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Mitchell Sokoloff, MD, recommends PSA screening

April 22, 2015

Expert’s Corner: Mitchell Sokoloff, MD, recommends PSA screening

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  • Medical School
UMass Medical School's Mitchell Sokoloff, MD, discusses the importance of PSA screenings.

Prostate cancer continues to be the second most common cancer among men in the United States. The American Cancer Society estimates that approximately 221,000 new cases and 28,000 deaths will occur in 2015.

It also happens to be a disease about which there is a fair amount of controversy regarding screening.

The U.S. Preventive Services Task Force recommended against prostate-specific antigen (PSA)-based screening in 2012;
The American Cancer Society recommends that men be educated about “uncertainties, risks and potential benefits” of the screening and that the screening not be conducted until such conversations are had; and,
The America Urological Association offers several different guidelines and recommendations based upon health risk, age and race of patient and/or family history.

Mitchell Sokoloff, MD, chair and professor of urology, said he believes the U.S. Preventive Services Task Force recommendation against screening has “set the field back several years.”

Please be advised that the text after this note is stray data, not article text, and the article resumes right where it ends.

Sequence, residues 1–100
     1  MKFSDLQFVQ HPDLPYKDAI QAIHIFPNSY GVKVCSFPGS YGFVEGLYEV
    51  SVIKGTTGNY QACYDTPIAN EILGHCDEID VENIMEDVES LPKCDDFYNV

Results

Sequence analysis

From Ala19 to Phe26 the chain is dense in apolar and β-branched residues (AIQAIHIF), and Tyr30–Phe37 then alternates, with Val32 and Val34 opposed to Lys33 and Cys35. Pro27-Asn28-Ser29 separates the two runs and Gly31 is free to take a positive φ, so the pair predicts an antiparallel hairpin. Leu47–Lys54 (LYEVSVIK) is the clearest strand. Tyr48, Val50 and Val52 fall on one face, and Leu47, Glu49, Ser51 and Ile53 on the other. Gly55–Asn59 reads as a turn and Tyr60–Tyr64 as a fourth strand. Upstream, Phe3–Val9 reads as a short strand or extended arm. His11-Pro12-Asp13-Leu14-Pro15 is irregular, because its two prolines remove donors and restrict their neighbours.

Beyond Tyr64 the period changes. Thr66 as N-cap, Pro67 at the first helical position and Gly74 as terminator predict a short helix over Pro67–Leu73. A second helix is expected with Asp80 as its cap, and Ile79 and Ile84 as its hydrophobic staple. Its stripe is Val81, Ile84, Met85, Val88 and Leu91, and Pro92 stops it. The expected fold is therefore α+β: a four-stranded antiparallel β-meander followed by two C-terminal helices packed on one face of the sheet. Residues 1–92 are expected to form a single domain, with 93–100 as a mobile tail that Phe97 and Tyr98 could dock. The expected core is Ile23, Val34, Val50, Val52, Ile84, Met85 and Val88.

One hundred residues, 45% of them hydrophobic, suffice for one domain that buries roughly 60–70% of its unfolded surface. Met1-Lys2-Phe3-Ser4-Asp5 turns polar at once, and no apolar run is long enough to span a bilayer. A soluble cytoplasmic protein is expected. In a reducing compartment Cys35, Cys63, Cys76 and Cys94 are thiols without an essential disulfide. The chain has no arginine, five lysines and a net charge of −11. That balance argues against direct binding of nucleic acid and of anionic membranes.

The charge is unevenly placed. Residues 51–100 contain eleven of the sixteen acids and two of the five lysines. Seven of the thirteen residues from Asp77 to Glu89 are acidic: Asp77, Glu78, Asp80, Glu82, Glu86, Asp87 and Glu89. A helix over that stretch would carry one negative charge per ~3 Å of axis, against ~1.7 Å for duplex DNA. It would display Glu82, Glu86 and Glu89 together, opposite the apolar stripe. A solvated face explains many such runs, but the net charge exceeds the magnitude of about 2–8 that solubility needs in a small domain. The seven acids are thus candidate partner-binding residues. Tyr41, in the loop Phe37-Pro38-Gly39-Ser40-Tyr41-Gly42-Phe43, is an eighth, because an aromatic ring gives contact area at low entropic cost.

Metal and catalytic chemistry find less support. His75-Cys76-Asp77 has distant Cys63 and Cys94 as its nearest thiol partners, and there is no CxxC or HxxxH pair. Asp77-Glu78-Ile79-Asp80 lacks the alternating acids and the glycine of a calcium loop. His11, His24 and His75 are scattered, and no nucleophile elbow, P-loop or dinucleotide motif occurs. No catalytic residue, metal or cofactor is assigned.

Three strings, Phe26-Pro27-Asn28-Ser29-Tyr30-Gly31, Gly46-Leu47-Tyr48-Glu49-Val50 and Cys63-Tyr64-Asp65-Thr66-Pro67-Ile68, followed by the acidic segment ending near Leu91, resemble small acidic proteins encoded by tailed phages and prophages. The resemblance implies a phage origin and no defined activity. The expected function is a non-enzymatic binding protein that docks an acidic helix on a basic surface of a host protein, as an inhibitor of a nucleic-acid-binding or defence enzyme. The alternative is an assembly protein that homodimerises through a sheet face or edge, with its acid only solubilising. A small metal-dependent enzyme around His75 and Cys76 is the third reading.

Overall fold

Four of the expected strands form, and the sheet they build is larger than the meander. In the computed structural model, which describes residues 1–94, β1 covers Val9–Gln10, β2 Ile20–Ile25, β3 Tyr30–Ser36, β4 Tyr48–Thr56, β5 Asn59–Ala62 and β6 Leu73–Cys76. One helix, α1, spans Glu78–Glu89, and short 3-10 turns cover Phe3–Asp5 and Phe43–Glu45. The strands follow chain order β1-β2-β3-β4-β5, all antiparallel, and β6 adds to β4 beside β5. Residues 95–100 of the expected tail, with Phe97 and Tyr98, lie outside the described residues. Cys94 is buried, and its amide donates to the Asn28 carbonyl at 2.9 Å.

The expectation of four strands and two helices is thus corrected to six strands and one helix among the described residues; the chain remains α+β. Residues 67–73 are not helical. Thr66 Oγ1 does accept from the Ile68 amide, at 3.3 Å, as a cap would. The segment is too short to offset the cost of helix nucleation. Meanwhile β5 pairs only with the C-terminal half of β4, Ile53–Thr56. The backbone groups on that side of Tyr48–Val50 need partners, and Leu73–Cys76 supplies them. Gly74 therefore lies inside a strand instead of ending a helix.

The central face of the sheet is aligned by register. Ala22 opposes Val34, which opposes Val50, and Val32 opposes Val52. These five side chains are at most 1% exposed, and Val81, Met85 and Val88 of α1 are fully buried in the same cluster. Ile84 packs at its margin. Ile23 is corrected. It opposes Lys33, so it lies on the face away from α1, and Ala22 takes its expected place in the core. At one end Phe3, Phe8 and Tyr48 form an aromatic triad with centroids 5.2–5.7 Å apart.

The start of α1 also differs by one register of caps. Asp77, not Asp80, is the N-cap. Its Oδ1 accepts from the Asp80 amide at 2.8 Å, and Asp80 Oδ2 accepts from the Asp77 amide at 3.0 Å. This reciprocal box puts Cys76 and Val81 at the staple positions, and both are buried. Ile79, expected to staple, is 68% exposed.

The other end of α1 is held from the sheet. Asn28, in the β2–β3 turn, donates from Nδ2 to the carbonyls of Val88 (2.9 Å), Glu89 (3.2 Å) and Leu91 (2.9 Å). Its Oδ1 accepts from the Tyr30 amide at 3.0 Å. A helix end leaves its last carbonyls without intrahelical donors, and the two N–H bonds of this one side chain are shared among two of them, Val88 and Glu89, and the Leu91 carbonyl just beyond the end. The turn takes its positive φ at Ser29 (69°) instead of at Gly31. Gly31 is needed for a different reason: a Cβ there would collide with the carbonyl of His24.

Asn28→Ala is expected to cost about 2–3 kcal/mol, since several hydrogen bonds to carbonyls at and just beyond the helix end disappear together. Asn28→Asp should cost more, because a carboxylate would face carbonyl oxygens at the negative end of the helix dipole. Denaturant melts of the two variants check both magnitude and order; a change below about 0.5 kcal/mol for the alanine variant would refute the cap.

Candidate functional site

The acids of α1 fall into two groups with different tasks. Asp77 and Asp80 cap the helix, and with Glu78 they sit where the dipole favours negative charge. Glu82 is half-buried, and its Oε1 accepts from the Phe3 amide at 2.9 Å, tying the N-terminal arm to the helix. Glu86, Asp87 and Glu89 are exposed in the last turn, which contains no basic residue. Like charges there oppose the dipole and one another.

“In that short period of time we’re now starting to see men with worse disease and less curable disease,” Dr. Sokoloff said. “So we, as urologists and as academicians, take a very, very strong stand on the importance of screening.”

Sokoloff’s concern is that with a decrease in screening there will be a subset of men overlooked who have an aggressive form of prostate cancer. He estimated that about 20 to 30 percent of men seen in his clinic with prostate cancer need treatment or they’ll die from the disease. For men who have family history and/or are of African-American decent, urologists generally recommend a PSA blood test screening and digital rectal exam be administered for men as young as 40.

Sokoloff said that in recent years the medical field has improved upon what to do if someone is diagnosed with prostate cancer. Unlike 10 to15 years ago when any diagnosis meant aggressive treatment, now doctors are able to estimate to some degree the significance of the disease and determine whether radiation and surgery are necessary or if active surveillance and observation are more appropriate.

“It’s important to identify men early on so we can stratify them to correct treatment,” Sokoloff said.

Sokoloff and Daniel Frendl, an MD/PhD student, have received a competitive grant from the American Urological Association to study how screening has changed since the U.S. Preventive Services Task Force released its recommendations, including whether there is less screening and less awareness among physicians and patients.

It’s also important that men are able to make an informed decision on whether to receive the PSA screening. Jennifer Yates, MD, assistant professor of urology and director of minimally invasive urologic surgery at UMass Memorial Medical Center, is currently conducting a questionnaire-based study to determine how primary care physicians view prostate cancer screening and how they communicate the issue to patients. Her preliminary results will be presented at the national American Urologic Association meeting in November at a high impact research session.

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